Raw and OVF
Both cameras offer raw shooting capability, amustin my book for any camera that wishes to be taken seriously. Both also offer optical viewfinders as an alternative to using the rear LCD, something which I value in some situations.
To be frank though, I am beginning to consider this less important that I have in the past. The latest generation of rear LCD screens has gotten so good that I no longer am minding using them as much as I used to. I still find holding the camera away from my body a bit annoying, and its less stable than at eye level, but I suppose that it isn’t that much different than using a medium format camera like a Rollei TLR at waist level, and offers many of the same advantages.
Regrettably neither camera has an articulated screen – something that if I worked in marketing for either company I would lobby hard for. As for the OVFs, well, the best that one can say is that they’re there. Otherwise they’re simply too small and dim to really be useful except in specialized situations.
The LX3 doesn’t have one, nor an articulated screen, contributing to its smaller size. It’s all a matter of trade-offs, isn’t it?
The Canon has a native ISO of 80 and can be set as high as 1600, though this latter speed is mostly unusable due to chroma noise. The Nikon’s native speed is ISO 64 and it can be set to 1600 as well, though 3200 and even 6400 (at 3MP) can optionally be set. Don’t bother. On both cameras anything above ISO 400 isn’t worthwhile except in an emergency.
The LX3’s native speed is ISO 80 and can be set up to 3200. Again, anything above 400 is a waste of time unless you like a mushy pointillist effect to your pictures.
Batteries and Chargers
All three camera use rechargeable Lithium Ion batteries. Nikon’s and Panasonic’s are seen in previous cameras, but the one in the Canon G10 is brand new. G9 owners looking to upgrade will therefore not be able to use their old batteries in the G10.
The Canon and Panasonic both come with separate small wall chargers with fold-out plugs (at least in the US and Canada) and are very convenient for travel. Curiously the Nikon P6000 comes with a power adaptor and cords, and the battery can only be charged while its in the camera. There is an extra cost stand-alone charger available though.
I am not impressed with the need to charge the battery in the camera. When traveling (which is likely what a lot of people will use these cameras for) one wants to be able to leave a battery on charge back in the room. Even when at home, at a family event for example, its a good idea when shooting a lot to have a battery on standby. With the Nikon this isn’t possible, at least not unless one spends extra for a separate charger.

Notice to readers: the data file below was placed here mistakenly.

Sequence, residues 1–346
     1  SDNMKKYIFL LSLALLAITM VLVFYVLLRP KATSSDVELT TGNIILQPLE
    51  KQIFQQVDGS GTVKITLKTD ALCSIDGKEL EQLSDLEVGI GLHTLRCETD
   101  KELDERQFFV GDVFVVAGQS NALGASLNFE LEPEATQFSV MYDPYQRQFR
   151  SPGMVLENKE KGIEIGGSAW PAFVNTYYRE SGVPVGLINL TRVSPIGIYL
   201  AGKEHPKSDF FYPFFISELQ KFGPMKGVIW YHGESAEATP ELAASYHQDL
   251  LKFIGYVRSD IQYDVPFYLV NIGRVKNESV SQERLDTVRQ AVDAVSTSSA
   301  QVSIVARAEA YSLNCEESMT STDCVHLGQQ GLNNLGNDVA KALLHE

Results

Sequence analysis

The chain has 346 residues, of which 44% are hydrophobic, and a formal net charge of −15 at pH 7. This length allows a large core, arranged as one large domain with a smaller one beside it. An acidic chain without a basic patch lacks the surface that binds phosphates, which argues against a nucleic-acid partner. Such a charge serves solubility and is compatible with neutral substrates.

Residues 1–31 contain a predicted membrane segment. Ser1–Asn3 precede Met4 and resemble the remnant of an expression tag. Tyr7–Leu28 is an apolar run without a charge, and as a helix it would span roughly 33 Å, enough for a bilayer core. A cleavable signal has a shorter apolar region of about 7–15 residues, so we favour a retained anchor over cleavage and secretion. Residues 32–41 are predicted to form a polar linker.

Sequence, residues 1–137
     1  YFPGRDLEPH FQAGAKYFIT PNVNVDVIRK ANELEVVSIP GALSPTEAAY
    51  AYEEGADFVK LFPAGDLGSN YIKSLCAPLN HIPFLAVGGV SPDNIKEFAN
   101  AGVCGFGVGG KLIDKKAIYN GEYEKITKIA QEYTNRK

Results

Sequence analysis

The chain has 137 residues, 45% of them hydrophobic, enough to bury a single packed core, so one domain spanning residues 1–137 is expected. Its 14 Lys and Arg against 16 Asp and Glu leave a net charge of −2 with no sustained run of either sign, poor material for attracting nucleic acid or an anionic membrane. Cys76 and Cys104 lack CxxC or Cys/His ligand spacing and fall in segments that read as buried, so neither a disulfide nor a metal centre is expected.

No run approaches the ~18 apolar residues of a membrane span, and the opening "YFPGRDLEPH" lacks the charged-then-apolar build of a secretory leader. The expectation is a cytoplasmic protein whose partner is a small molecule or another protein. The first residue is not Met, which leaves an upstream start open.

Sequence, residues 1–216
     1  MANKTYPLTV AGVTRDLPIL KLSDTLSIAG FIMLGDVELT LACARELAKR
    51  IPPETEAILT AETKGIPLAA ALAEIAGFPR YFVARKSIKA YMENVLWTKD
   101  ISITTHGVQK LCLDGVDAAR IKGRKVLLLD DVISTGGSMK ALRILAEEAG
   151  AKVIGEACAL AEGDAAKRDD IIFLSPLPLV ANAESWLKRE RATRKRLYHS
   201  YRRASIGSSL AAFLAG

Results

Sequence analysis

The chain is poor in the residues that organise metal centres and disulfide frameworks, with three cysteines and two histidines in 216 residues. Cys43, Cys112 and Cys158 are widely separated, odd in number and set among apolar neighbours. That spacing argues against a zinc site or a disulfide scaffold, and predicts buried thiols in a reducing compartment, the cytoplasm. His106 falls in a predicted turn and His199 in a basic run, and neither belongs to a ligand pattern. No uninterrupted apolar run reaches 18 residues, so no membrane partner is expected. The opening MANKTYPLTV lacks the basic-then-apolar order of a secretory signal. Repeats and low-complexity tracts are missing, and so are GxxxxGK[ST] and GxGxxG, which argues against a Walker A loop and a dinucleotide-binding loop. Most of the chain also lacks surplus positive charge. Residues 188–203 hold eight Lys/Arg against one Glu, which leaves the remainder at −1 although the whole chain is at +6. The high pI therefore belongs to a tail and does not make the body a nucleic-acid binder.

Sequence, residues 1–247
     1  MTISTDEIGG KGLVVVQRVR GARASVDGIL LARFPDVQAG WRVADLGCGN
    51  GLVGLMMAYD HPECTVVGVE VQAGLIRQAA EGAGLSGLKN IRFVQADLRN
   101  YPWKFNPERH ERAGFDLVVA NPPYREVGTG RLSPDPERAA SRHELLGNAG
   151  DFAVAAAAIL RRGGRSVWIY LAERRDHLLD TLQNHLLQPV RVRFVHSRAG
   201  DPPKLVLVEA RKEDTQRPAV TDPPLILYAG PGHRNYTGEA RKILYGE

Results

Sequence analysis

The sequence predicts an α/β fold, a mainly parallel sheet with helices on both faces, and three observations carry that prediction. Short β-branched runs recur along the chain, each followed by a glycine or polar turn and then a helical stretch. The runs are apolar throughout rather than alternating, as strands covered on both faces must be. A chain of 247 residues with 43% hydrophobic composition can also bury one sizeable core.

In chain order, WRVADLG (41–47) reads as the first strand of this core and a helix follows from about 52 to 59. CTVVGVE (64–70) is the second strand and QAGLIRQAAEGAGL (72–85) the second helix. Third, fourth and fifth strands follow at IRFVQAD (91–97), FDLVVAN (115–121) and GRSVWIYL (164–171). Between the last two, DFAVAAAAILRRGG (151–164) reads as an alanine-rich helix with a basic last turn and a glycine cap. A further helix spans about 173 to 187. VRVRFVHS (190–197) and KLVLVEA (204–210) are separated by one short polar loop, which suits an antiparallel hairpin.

Controls and Features
Listing all of the features, functions, and controls would be tedious for me to write and boring for you to read, so I won’t bother. If you want that sort of information you can visit the manufacturers respective web sites as linked:Canon G10,Nikon P6000,Panasonic LX3.
What I will do is discuss the handling aspects of each that I both liked and disliked, at least for the Canon and Nikon. The LX3 is covered in its ownearlier review.
The screens on both cameras are the same size, though the one on the G10 is brighter and more visible in just about any light. The text on the G10 screen is also larger, and therefore can be easier to read.
I was disappointed that the Nikon did not have an on-screen battery indicator until the battery is almost dead, while the Canon does. Worse than that, the Nikon does not have a live histogram capability. There is a histogram visible on review and playback, but not while shooting. I find this oversight hard to believe as it is such a useful feature to have.
The Canon wins the user interface battle on at least a couple of additional fronts. It features three top-mounted mechanical controls; one for shooting mode (as does the P6000) and one each for ISO and exposure compensation. These two functions are available on the Nikon via screen menus, but having them as mechanical controls on the camera makes them much more accessible, and therefore the Canon is that much more of a controllable camera, especially for us old-timers who pine for the days of shutter speed dials and F stop rings. These settings visability when one picks the camera up are a real boon when shooting quickly and not being able to take the time to check settings on-screen.
The Canon has a diopter adjustment for the viewfinder, while the Nikon does not. Given that the camera are exactly the same price the lack of such features on the Nikon is somewhat troubling.
Both cameras have hot shoes as well as built-in flash. The flash on the Nikon is a pop-up while that on the Canon is built into the body. Both camera’s flash shoes take their respective company’s auto-everything pro flash guns, though the size discrepancy makes one wonder how many people will bother with this, especially on the smaller Nikon.